Allen de Hart can’t hike far on the trails next to his Louisburg home without spotting something that delights him. Walk the paths behind him, and he’ll turn now and then to point out a patch of mullein – “the roots can be boiled into cough syrup, you know” – or hand you a crushed mint leaf – “put that in your car, you’ll smell it the whole way home.”
The difference between de Hart and any avid naturalist is that those trails by his house are part of the De Hart Botanical Garden, 91 acres purchased and preserved by their namesake since the 1950s.
De Hart cemented that legacy last month, deeding the land to Louisburg College, the institution where he taught psychology and American history for 52 years.
“Because I can’t take it with me” is his explanation for why he did it – that and the impulse of a lifelong teacher and nature lover to pass that gift on to future generations.
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College President Mark LaBranche calls it one of the most historic gifts the 225-year-old college has ever received, “a gift of God’s creation, fashioned through the hands and mind and heart of Allen de Hart.”
“It gives you a feeling of serenity and gratitude for creation,” LaBranche said. “I think that comes from reflecting on God’s creation, as well as all the ways Allen has been a co-creator with God in making sure the place is beautiful.”
Located off Highway 401 near Louisburg, the gardens have always been open to those who honor its rules: no smoking, no firearms and no littering. Keep to the trails, and make sure to sign in on the notebook in the gazebo.
Those willing to explore its twisting trails will stumble upon everything from waterfalls to bamboo groves to the foundations of an old plantation home. It’s a place where every plant you pass is lovingly labeled, and patches of daisies are precious enough to flag for protection against lawnmowers.
Love at first sight
If you have a chance at a tour led by de Hart, though, grab it. After more than half a century tending those 91 acres, he can tell you the best time to hear the bullfrogs sing or explain how to find the field where hundreds of tiny lime-green and yellow crane-fly orchids bloom in July.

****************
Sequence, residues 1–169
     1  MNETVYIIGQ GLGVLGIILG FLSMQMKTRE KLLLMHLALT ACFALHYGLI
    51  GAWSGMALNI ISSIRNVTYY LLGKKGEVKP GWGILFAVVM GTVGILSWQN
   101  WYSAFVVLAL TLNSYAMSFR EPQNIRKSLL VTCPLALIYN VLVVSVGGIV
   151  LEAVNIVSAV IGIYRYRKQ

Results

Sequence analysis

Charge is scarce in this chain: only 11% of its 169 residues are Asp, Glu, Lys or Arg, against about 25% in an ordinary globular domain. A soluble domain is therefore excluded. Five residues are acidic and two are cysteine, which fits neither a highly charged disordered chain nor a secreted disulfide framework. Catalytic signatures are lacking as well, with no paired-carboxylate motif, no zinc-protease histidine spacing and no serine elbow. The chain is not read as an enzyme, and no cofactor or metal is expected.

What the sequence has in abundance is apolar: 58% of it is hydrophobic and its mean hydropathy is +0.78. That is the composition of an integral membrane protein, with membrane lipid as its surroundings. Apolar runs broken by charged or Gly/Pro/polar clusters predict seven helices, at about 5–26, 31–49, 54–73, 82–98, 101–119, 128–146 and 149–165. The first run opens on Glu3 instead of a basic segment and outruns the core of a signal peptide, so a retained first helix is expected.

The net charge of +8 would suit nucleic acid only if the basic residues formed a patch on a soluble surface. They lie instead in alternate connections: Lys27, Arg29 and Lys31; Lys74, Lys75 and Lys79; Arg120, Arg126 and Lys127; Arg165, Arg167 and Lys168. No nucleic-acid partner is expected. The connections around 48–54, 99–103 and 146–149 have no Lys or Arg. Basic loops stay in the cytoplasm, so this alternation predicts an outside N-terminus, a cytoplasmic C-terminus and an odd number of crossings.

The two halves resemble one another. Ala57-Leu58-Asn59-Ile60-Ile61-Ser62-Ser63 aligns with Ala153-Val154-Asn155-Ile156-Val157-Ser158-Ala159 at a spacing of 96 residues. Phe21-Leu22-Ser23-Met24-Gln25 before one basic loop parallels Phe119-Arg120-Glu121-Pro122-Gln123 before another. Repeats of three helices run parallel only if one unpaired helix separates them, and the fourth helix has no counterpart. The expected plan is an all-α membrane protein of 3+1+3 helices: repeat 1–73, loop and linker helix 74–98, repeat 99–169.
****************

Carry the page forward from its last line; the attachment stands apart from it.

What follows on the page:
At 85, de Hart is a soft-spoken retired history professor with a white beard and gentle demeanor, who wears hiking shoes with his creased pants and button-down shirt. He’s written multiple popular trail-hiking guidebooks, including the comprehensive “North Carolina Hiking Trails,” and founded the Friends of the Mountains-to-Sea Trail.
De Hart’s love of nature was honed growing up on a dairy farm in the Smith River Valley at the foot of the Blue Ridge Mountains in Virginia, where he spent long days exploring the woods with his two brothers. Cities seemed rushed and artificial.
“Anybody who loves the land initially can never get it out of their system,” de Hart said.
He tried. One look at the inner workings of an elevator on a visit to Winston-Salem as a kid got de Hart fired up about becoming an engineer. He traveled the Middle East serving the U.S. Army in the 1950s, then decided on a career in education.
De Hart and his wife, Flora, moved to Louisburg from Virginia in 1957 and bought a patch of land outside town. As they cleared away the kudzu, honeysuckle and grapevines, the couple found Paleozoic granite rock formations with rare wildflowers peeking from their crevices.
It was love at first sight.
Building the garden
They began buying up the surrounding land for as little as $500 an acre. In 1961, the couple set up a nonprofit organization and officially turned the land into the botanical garden it’s been ever since. Over the years, they added overlooks and benches and bridges, some stone steps into the lake to be used for baptisms, plus miles of trail, some of it manicured, some left wild and pristine. Now, that land is worth as much as $25,000 an acre, de Hart said.
De Hart’s modest brick house is just across the azalea line from the gardens. He visits the park just about every day. He can tell you the best places to watch the sun set and the moon rise, and show you where to find rare species of wildflowers.
Nick Birtha, a retired naturopathic doctor, stopped to visit the gardens on a whim last week. The modest brown sign caught his eye, unexpected in the middle of rolling Franklin County farm country.
“It’s quite a novel idea,” Birtha said. “There should be more of them like this, all over the place.”
Along with the land, de Hart is also passing over an endowment that will cover the cost of a caretaker and maintenance after his death. The house is to be used for the college’s botany instructor, who will also serve as a caretaker for the gardens. Until then, de Hart will continue to oversee the upkeep.
And if you’re lucky, you might be able to spot him on the trails and get a tour of your own.